Regeneration and disconnection
Apologies for a very UK-centric post, international readers, please get me on @alouneou to clarify any too-obscure UK references.
I live in Brixton. Prior to this, I lived in Norbury, and before that, from the age of 6 months, (the age I moved over from West Palm Beach FLA – yes I am technically American) I grew up in Streatham. Barring an intervening three years in a second string British city for university, I have spent my entire life in London, a city which completely skews ones view of the British Isles (here), but also one of the most multicultural, amorphous, evolving places in the world. Urban renewal has done London well- the city arguably could have become a donut by the end of the 80s- save for the City of London itself, but investment in the 90s gave London another chance. Inner city areas that were once no-go areas have become desirable places to live. But this economic narrative isn’t what this post is concerned with.
I suppose this is the point where I set out my stall, and possibly make what could be seen as an incredibly awkward conversation. For the record I am of mixed descent (or for our American audience Anglo-Jamaico-scottish-Irish-Puerto-Costa-Arawak-Londonish) so in some ways, and probably wrongly so, it partially absolves me of the the misconstruction that some may build of this.
I was going for lunch one afternoon in Brixton Market, where a previously derelict section has turned into a vibrant, multi-use commercial space, thanks to London’s largest renewal project, initially kickstarted by Spacemakers. Craft shops, artists and photographers and designers studios and a lot of very cheap, very very good restaurants have sprung up, and in the last year, you can see the Saturday afternoon North London ‘tourists’ down to check the place out.
This is undoubtedly a good thing. But a group of three guys, two black and one white came walking through while I was having lunch, and one of them turned round and shouted, part to his friends, part to himself, and part to those of us around ‘Where have all the black people gone- I thought this was Brixton. What the fuck?’ And in fairness, he had a point of sorts…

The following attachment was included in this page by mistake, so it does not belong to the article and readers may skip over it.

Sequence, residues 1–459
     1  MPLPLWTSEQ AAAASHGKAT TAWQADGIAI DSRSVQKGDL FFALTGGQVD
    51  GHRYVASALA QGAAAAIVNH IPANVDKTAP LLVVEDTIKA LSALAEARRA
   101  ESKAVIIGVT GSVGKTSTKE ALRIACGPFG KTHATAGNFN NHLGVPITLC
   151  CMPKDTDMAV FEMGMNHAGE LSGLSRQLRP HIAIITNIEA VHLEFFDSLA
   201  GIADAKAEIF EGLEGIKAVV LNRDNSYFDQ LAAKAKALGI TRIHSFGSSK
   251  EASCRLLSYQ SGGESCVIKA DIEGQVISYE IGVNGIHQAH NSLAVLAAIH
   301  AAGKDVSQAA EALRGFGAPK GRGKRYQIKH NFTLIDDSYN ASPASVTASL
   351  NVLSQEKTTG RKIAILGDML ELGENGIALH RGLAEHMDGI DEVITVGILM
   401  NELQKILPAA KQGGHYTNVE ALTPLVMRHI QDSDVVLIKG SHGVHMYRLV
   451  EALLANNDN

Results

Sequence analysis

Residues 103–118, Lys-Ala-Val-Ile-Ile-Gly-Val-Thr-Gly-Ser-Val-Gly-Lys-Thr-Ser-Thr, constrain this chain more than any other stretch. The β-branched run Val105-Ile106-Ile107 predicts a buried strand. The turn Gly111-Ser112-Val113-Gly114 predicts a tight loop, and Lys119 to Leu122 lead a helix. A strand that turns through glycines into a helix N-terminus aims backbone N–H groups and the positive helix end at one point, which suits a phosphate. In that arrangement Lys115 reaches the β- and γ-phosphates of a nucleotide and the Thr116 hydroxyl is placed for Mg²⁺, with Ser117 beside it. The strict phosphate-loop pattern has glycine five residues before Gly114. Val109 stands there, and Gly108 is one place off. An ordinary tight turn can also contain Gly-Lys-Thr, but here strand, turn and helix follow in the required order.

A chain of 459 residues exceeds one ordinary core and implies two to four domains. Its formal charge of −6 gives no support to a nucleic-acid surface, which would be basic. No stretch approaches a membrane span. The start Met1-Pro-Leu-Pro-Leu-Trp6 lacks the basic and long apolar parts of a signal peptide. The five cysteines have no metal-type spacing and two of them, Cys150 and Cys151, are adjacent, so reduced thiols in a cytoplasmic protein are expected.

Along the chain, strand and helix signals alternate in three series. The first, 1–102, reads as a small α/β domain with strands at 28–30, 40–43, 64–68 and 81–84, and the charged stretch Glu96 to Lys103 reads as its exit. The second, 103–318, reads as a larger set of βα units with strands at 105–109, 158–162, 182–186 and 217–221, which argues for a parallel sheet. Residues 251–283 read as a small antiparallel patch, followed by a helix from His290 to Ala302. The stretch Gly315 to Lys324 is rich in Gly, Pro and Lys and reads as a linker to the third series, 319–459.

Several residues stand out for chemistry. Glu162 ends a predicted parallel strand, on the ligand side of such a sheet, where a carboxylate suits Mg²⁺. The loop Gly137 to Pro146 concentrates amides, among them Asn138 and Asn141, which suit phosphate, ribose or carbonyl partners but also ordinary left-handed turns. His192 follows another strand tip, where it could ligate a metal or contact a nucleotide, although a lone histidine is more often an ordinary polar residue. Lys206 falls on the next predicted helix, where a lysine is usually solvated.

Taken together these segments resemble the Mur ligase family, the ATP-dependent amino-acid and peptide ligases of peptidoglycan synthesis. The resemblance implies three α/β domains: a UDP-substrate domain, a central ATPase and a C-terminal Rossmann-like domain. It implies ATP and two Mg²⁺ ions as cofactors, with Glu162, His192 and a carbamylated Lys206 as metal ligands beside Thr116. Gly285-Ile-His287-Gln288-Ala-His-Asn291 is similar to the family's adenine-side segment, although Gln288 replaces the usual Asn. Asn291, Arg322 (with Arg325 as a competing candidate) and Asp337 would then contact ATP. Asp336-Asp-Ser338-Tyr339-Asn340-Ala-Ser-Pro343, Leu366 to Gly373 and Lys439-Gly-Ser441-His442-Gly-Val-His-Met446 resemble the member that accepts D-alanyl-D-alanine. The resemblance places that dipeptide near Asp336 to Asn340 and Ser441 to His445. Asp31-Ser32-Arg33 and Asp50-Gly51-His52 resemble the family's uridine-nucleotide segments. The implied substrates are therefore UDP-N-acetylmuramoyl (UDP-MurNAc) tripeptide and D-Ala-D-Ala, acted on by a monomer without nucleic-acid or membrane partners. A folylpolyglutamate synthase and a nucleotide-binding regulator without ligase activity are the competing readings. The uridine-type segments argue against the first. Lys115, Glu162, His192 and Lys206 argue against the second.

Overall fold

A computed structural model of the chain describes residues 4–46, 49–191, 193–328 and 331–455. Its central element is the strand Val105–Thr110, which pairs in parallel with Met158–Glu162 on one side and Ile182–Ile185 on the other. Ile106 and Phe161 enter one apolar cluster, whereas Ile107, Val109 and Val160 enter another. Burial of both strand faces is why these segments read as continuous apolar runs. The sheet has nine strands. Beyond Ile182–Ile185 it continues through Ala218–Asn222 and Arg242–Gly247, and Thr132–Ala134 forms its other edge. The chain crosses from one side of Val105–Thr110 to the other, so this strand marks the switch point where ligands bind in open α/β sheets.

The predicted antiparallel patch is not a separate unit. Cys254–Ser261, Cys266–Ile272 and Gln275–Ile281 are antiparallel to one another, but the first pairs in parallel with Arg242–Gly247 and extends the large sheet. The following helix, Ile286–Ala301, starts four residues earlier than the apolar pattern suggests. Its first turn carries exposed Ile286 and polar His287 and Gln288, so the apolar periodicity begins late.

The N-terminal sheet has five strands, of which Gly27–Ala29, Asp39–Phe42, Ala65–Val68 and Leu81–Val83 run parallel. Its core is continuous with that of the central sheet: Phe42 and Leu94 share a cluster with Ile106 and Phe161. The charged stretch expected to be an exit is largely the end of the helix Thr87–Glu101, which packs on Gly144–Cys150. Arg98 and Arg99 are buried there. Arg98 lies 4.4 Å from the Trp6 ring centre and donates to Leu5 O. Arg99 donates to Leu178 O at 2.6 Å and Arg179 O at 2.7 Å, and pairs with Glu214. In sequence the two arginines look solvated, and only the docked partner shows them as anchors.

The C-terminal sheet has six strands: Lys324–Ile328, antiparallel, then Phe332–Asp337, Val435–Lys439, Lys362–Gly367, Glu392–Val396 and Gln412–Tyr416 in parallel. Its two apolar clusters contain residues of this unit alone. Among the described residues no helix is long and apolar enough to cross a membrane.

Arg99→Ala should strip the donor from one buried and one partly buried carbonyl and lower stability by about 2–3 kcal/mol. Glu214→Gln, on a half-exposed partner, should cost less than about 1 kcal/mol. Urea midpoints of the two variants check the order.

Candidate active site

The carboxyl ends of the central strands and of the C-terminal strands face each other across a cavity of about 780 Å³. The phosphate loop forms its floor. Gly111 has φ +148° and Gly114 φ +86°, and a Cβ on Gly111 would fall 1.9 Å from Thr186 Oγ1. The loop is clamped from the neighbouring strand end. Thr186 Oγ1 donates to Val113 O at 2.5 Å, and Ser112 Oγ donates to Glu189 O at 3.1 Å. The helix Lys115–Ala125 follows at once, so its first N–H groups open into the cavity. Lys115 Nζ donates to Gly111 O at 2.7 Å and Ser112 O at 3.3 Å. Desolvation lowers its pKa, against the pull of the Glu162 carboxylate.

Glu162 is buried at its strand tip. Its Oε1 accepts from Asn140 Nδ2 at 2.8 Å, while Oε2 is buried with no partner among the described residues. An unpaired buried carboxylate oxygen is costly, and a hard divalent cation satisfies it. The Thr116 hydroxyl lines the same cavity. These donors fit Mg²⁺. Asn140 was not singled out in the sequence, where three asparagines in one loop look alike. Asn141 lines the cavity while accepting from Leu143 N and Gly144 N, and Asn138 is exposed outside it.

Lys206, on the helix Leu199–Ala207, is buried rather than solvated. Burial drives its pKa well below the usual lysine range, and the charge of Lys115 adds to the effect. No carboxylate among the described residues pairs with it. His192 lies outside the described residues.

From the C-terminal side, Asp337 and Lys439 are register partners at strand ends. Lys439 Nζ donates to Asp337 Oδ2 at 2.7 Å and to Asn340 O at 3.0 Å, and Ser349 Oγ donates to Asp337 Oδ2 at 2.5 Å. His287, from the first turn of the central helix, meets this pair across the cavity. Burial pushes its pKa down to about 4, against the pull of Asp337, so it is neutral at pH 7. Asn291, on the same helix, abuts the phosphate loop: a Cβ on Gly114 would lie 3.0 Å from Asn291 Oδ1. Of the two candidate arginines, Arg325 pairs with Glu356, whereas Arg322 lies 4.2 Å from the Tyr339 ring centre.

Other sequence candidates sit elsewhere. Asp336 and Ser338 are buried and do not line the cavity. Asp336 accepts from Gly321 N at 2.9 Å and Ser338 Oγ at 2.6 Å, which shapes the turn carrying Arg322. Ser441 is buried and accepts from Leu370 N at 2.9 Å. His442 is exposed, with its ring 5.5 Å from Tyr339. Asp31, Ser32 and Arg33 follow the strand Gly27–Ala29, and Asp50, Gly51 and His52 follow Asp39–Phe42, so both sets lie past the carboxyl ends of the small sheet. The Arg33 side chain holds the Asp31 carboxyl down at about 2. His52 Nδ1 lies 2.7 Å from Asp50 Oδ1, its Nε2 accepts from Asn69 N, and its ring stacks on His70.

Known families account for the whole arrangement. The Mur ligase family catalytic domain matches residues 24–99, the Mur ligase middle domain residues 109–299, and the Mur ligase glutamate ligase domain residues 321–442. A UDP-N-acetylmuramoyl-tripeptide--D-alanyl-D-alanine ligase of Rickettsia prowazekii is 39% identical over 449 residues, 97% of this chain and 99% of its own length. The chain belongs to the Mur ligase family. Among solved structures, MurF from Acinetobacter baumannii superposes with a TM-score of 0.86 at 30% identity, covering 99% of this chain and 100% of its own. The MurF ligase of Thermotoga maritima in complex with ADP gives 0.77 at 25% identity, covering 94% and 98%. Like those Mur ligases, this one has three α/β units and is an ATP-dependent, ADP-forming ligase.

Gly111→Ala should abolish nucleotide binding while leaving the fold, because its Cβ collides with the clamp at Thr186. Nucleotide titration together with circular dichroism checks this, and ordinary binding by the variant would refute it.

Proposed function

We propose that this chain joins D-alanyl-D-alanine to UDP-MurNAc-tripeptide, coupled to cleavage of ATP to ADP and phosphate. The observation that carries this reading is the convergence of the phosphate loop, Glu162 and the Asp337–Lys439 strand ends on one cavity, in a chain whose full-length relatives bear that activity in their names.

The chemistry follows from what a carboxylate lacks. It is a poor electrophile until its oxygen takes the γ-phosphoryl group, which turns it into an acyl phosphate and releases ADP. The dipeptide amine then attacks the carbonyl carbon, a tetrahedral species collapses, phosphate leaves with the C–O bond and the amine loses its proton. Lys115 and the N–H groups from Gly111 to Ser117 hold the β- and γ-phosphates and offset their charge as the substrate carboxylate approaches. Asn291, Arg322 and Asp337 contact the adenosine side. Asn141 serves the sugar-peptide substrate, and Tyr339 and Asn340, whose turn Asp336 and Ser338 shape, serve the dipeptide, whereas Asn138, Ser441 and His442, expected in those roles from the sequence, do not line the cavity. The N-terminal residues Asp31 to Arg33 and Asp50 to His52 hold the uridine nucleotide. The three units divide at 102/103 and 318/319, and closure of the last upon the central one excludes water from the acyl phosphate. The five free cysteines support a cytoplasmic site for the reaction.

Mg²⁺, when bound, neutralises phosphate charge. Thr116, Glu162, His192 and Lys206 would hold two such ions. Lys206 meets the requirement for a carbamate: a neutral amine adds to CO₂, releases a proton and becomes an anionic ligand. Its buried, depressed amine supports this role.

Brixton was, along with Notting Hill (!) one of the areas in the 50s and 60s that the Black community settled in. In 1981, it was the first place on mainland Britain to have petrolbombs thrown during the riots against police oppression of the community, and it has always been an important touchstone for black Britain. Yet almost all of those dining and milling around were white middle class. My first reply would be that the businesses were run by the local community, of all colours, and in a proportion far more reflective of the community. But why wasn’t this regeneration of the market being used by all the residents, rather than the new influx of those from Mosaic’s ‘Urban Intelligence’ section of the population. It wasn’t cost- It isn’t expensive. To eat at most of these places costs the same as a chicken based meal from a reputable ( or disreputable) outlet. Even if you prefer takeaway, surely you want to try something new?
Apparently not is the answer. And I think of our exasperated individual in the market’s question should have been ‘where are all the less socio-economically well off people?’ There is a serious fallacy in the idea of social mobility if we have a culture where, though the museums are free, it is primarily the middle classes who benefit. Or where you can get a 5 poundtheatre ticket to see world-class actors at the NT, but still, every time I go, the audience is the same combination of 50-somethings and drama-school kids. This is a theatre that sits in Lambeth, one of London’s most deprived boroughs. What are we doing to make sure we don’t just make sure doors are open, but that people want to, and feel they can, walk through? If we don’t, we are going to have an uneasy detente with areas like Brixton, or Hackney, or Shepherds Bush or any other place where we are seeing a migration by young professionals back to these lively, gritty, vibrant urban centres, and one that could flare up as we face a long hard grind out of this recession. We are being told that London is a world-leading cultural hub, I just hope it can be that way for everyone.